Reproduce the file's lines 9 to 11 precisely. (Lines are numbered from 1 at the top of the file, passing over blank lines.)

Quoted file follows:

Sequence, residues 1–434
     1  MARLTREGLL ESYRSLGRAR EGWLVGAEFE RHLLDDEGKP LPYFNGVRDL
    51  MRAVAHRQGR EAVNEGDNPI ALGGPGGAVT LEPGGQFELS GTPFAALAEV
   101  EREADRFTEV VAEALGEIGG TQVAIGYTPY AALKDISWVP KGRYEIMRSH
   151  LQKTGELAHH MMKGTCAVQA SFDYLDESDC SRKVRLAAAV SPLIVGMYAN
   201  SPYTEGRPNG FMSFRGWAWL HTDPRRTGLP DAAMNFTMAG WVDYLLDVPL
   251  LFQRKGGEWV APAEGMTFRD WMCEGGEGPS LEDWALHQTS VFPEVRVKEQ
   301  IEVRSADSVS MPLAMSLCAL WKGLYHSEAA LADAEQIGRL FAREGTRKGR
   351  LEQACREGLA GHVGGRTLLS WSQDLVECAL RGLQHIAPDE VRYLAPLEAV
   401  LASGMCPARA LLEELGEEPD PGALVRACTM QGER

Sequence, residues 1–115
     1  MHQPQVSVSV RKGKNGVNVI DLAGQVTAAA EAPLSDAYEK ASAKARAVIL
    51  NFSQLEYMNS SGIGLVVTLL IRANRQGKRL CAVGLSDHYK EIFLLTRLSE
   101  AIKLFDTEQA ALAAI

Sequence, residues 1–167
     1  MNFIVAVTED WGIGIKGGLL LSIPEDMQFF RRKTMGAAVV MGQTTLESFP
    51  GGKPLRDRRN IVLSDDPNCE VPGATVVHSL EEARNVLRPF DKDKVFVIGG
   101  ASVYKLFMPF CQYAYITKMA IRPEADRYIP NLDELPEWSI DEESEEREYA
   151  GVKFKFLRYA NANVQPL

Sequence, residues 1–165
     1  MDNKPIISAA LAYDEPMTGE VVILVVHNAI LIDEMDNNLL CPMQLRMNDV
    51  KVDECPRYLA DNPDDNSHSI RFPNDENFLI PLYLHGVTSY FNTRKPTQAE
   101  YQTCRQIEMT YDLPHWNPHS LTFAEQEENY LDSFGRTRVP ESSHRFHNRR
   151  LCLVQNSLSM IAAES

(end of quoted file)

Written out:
   351  LEQACREGLA GHVGGRTLLS WSQDLVECAL RGLQHIAPDE VRYLAPLEAV
   401  LASGMCPARA LLEELGEEPD PGALVRACTM QGER

Sequence, residues 1–115